Structural and biochemical analyses of new tetrameric transferases from psychrophilic and mesophilic bacteria shed light into enzyme activity at low temperatures.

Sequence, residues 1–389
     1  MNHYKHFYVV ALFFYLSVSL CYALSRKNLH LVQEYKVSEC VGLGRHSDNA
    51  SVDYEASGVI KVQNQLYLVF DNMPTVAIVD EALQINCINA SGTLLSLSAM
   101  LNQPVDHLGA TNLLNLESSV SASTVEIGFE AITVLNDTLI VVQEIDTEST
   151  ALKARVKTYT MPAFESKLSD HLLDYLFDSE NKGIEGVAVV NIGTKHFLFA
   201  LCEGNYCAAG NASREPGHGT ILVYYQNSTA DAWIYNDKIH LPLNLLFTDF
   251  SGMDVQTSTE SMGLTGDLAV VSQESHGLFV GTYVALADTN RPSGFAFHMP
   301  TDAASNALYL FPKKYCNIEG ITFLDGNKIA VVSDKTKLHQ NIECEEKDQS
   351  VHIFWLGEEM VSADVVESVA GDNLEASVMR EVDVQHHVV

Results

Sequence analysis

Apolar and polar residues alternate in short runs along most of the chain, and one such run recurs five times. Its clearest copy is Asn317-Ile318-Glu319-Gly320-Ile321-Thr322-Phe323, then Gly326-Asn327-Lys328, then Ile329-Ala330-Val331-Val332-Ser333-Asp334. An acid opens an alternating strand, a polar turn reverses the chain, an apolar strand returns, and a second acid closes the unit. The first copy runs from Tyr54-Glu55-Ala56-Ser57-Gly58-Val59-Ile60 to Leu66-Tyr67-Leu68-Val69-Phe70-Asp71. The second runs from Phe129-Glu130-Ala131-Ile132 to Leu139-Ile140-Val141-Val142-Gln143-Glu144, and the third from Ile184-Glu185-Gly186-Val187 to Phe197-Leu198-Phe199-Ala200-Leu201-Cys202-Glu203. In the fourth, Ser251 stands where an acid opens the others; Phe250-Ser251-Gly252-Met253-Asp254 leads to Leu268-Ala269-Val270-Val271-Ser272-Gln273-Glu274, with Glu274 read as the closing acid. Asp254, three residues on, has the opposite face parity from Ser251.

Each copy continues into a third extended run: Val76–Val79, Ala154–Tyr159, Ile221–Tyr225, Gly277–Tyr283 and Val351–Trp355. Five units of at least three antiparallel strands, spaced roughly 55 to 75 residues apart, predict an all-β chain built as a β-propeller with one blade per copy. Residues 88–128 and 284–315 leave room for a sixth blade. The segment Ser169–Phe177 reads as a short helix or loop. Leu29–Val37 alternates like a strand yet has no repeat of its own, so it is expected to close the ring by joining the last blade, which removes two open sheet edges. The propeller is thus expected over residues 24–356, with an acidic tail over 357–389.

Nucleoside 2′ -deoxyribosyltransferases (NDTs) catalyze the cleavage of glycosidic bonds of 2′-deoxynucleosides and the following transfer of the 2′-deoxyribose moiety to acceptor nucleobases. Here, we report the crystal structures and biochemical properties of the first tetrameric NDTs: the type I NDT from the mesophilic bacterium Enterococcus faecalis V583 (EfPDT) and the type II NDT from the bacterium Desulfotalea psychrophila (DpNDT), the first psychrophilic NDT. This novel structural and biochemical data permitted an exhaustive comparative analysis aimed to shed light into the basis of the high global stability of the psychrophilic DpNDT, which has a higher melting temperature than EfPDT (58.5 ◦C versus 54.4 ◦C) or other mesophilic NDTs. DpNDT possesses a combination of unusual structural motifs not present neither in EfPDT nor any other NDT that most probably contribute to its global stability, in particular, a large aliphatic isoleucine-leucine-valine (ILV) bundle accompanied by a vicinal disulfide bridge and also an intersubunit disulfide bridge, the first described for an NDT. The functional and structural features of DpNDT do not fit the standard features of psychrophilic enzymes, which lead us to consider the implication of (sub)cellular levels together with the protein level in the adaptation of enzymatic activity to low temperatures.